Making peace with those vulgar tourists.
The week's news at a glance.
Tourists get a bum rap, said Paris Le Monde in an editorial, especially in France, where 75 million visitors descend on 60 million locals every year. The sandal-clad, camera-bearing hordes are seen as philistines, checking off site after historic site that they simply must see, yet whose significance they cant comprehend.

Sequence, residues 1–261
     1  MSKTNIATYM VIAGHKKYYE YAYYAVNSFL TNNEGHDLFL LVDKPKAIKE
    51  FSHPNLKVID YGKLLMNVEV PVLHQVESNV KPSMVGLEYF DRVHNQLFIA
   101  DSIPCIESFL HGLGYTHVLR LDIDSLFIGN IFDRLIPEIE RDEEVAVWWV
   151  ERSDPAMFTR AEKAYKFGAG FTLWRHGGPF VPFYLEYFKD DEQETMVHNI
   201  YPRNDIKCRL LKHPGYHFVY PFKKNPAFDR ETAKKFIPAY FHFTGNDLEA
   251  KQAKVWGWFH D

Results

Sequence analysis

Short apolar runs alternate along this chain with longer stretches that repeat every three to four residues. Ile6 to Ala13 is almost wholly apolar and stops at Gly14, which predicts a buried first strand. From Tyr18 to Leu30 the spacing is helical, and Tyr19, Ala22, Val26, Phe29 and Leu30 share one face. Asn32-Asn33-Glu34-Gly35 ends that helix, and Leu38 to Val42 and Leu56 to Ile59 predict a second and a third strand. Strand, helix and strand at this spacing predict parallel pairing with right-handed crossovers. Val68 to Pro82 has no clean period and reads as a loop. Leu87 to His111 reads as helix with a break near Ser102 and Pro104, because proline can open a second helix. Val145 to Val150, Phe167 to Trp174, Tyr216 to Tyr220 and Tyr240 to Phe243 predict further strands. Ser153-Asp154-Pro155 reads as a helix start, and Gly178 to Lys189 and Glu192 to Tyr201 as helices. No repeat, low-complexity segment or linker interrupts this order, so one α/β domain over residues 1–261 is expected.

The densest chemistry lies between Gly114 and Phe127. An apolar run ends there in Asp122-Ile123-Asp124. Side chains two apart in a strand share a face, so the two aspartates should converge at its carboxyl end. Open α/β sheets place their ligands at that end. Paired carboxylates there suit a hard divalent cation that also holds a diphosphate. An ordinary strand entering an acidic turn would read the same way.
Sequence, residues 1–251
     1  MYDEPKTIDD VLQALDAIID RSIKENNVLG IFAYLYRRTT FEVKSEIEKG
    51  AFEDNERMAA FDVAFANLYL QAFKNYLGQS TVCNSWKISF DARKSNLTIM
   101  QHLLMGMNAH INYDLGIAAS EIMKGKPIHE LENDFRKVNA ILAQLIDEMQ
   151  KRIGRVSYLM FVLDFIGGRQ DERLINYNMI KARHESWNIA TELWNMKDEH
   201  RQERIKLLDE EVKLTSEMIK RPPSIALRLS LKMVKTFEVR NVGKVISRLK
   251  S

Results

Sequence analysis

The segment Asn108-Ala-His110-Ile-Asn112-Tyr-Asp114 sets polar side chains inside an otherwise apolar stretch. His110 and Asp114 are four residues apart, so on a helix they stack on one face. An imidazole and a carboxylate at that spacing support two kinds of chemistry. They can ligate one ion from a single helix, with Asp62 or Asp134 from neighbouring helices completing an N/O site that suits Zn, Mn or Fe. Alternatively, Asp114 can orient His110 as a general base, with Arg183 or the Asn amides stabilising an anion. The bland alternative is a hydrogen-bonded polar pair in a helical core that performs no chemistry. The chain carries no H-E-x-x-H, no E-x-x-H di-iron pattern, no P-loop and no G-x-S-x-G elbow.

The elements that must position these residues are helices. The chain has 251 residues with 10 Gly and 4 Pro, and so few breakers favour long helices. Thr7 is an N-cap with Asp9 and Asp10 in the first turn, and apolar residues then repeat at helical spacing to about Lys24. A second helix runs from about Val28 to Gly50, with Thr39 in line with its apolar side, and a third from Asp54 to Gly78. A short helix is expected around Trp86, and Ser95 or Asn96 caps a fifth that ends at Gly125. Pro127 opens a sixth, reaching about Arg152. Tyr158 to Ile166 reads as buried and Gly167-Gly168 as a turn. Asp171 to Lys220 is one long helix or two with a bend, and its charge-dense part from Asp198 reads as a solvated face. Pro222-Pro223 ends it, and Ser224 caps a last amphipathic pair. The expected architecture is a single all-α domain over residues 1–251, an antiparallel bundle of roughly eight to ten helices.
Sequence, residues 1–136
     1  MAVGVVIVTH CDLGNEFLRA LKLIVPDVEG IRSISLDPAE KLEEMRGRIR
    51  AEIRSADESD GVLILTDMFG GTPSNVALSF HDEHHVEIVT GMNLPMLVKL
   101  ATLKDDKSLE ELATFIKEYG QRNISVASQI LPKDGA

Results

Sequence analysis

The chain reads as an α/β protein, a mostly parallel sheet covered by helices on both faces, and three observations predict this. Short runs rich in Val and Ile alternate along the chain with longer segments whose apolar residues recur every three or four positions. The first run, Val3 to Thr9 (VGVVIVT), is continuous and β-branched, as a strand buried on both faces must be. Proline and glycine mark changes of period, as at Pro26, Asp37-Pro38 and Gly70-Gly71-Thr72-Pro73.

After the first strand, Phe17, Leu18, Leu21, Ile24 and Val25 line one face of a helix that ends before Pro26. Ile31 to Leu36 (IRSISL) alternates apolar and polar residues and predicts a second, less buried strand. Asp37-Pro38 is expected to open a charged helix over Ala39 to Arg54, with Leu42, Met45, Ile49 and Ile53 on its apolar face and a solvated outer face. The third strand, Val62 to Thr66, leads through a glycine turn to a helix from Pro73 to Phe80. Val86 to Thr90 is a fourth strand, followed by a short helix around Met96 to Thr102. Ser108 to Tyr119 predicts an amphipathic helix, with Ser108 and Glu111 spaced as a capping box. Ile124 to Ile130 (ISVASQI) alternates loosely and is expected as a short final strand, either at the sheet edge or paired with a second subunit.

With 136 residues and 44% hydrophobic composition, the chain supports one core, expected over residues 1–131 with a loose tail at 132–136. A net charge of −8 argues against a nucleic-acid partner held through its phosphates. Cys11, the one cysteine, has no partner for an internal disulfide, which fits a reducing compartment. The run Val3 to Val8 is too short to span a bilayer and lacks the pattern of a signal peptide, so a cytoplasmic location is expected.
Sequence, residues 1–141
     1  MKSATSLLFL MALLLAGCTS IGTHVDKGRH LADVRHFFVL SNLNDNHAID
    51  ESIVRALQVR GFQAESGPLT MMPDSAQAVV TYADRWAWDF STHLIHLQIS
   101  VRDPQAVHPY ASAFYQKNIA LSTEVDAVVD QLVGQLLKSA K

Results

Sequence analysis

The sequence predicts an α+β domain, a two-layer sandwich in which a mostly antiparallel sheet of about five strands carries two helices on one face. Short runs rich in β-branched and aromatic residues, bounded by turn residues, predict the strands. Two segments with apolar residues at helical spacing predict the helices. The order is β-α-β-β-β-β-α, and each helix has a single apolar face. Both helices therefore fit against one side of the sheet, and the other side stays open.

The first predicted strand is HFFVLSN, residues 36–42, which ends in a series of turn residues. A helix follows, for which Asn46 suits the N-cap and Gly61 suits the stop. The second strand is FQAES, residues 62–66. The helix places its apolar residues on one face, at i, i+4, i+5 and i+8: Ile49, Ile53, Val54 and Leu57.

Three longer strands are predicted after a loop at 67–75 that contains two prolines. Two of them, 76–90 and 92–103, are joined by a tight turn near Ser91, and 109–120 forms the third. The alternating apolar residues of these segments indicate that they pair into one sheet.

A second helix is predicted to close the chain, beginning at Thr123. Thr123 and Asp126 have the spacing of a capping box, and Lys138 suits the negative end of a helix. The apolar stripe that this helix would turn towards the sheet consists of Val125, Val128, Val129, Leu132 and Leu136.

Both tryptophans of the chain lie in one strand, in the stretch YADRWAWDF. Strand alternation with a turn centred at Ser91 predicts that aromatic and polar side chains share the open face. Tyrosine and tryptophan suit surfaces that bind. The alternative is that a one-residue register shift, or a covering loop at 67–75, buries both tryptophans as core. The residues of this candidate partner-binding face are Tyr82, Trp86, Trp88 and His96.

For them, a visit to the Louvre is a mad rush from room to room, with obligatory stops at the Mona Lisa and the Venus de Milo, where they clog the corridors so that real art lovers cant get by. Every Parisian has at one time or another shuddered to see a grinning German, American, or Brit carefully framing a photo of a friend inside the Cathedral of Notre Dame, making sure to get the priest saying Mass in the background, as if such quaint rituals were just so much local color. The only way to survive as a local is to remind oneself that tourism is not a threat to our culture, it is part of our culture. The tourist is the other, but of course each one of us is, or was, or will be a tourist somewhere. Tourism facilitates the peaceful exchange among different cultures, and thereby enriches us all. Even if that is difficult to appreciate in Paris in August.